Referring to FIG. 3, the detailed function of the speed measurement 33 (FIGS. 1 and 2) will be described in connection with the timing diagram of FIG. 4. The toothed wheel 32 in a typical turbine installation has 60 equally spaced teeth on the periphery of the wheel to generate the displacement pulses in cooperation with the reluctance pickup device 31. When the leading and trailing edge of each tooth of the wheel 32 passes the reluctance pickup 31, an individual electrical output occurs approximating a sine wave. A wave form 60 (FIG. 4) represents the signal output of the pickup 31 to a surge protection device 61. Each complete individual sine wave represents the influence of one tooth of the wheel 32 passing the pickup 31 in a well known manner. The device 61 merely protects an amplifier 62 from any voltage surges; and provides an input voltage to the amplifier 62 corresponding to a wave form 63 which illustrates the clipping of the peaks of each wave of the wave form 60. Thus, for each complete revolution of the wheel 32, the clipped sine wave 63 has crossed zero; that is, has undergone a transition from negative to positive, and positive to negative 120 times, or twice the number of teeth on the wheel 32. The output of the amplifier 62 is connected to the input of two optical isolators 64a and 64b, which couple the signal from the amplifier 62 to a zero crossing pulse generator 65. The isolators 64a and 64b provide isolation between the amplified wave form 63 and the logic of the speed measurement system. Thus, any noise that might get into the signal is isolated from the logic circuitry. One of the optical isolators detects a transition of the wave form 63 from negative to positive; and the other detects a transition of the wave form 63 from positive to negative. As shown in FIG. 4, wave form 66a represents a square wave output of the optical isolator 64a, which produces a pulse in response to each transition of the wave form 63 in one direction; and wave form 66b represents the output of the optical isolator 64b in response to the transition of the wave form 63 in the other direction; or in other words, a pulse is applied to the input of the zero crossing pulse generator 65 in response to each transition of the wave form 63. The pulse generator 65 produces a short pulse in response to each output pulse of 64a and 64b as represented by wave form 67. Thus, for each revolution of the wheel 32 a total of 120 short pulses of the type referred to at 68 are generated. In one embodiment of the invention, each of these pulses 68 approximate 300 nanoseconds in duration.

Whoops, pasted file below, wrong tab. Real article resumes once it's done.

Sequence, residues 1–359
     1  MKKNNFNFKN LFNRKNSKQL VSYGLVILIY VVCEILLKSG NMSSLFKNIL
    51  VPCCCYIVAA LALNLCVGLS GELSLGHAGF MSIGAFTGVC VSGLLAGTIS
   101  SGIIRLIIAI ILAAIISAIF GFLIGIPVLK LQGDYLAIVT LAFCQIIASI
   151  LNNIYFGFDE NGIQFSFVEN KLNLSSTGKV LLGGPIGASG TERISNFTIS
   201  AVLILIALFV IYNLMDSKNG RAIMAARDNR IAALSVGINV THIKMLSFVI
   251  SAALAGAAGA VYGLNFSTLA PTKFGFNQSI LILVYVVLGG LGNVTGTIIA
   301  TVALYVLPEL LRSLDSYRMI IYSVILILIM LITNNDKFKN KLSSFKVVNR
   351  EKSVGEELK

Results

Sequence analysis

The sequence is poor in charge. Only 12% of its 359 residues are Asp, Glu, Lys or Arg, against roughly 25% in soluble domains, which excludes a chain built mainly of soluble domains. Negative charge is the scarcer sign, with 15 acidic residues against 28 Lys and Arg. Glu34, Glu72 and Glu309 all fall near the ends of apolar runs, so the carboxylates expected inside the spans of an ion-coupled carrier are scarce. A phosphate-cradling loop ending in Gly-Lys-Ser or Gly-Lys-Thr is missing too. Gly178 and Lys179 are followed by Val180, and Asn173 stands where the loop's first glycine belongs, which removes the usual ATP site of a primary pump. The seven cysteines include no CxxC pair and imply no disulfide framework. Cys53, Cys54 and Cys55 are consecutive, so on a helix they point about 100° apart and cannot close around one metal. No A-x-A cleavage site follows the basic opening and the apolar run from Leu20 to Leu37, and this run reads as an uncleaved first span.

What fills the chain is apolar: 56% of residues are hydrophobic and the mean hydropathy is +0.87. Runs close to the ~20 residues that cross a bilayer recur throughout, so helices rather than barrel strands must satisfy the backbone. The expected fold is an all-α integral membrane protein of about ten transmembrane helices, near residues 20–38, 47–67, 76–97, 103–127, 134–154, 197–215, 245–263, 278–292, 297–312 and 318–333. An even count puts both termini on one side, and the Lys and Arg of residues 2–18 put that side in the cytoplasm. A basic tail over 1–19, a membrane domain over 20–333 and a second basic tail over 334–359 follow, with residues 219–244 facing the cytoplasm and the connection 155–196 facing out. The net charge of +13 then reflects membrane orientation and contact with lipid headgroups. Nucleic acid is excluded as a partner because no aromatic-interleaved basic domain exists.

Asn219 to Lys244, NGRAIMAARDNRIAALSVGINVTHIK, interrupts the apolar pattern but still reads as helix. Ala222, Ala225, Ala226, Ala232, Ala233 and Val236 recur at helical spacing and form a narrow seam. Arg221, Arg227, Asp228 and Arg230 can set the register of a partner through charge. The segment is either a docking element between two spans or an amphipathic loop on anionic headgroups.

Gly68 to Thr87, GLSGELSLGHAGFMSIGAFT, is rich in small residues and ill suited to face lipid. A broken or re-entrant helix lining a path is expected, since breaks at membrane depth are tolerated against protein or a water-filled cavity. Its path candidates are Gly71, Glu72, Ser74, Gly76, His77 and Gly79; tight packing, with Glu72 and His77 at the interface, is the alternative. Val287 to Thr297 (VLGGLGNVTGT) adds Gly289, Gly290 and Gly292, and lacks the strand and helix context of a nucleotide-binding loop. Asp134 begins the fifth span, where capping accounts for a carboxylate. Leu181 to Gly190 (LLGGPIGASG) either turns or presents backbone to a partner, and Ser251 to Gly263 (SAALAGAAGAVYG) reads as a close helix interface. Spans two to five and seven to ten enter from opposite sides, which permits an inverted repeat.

The system of the present invention is such that the greatest accuracy of measurement occurs at its required operating speed. For example, in the present embodiment of the ivention, the turbine system is operated at a synchronous speed of 3600 revolutions per minute to produce electricity at 60 Hertz. Also, in order for the binary output to be read directly by the computer without further calculation within the computer, the counted number of pulses are able to correspond directly to the speed measurement of the turbine. A pulse injector 70 responds to each one of the puulses 68 from the output of the pulse generator 65 to produce an additional selected number of equally spaced pulses in response to the occurrence to each one of the pulses 68. In the present embodiment of the invention, a pulse injector 70 generates three pulses in response to each zero crossing output pulse from the generator 65. At a speed of exactly 3600 revolutions per minute, all of the pulses including the zero crossing pulse which occurs subsequent to the third pulse that was injected in response to the previous zero crossing pulse has the same spacing. The pulse injector 70 also includes a range changer 71 having jumper connections that provide for pulse injection that may be equally spaced at 1500, 1800, 3,000 or 3600 revolutions per minute depending upon the particular installation. When the turbine decreases its speed from 3500 rpm, the spacing between the third injected pulse and the subsequent zero crossing pulse in the train increases. When the turbine increases its speed, the space between the third injected pulse and the subsequent zero crossing pulse decreases. A detailed description of the pulse injector 70 will be given in connection with the description of FIG. 6.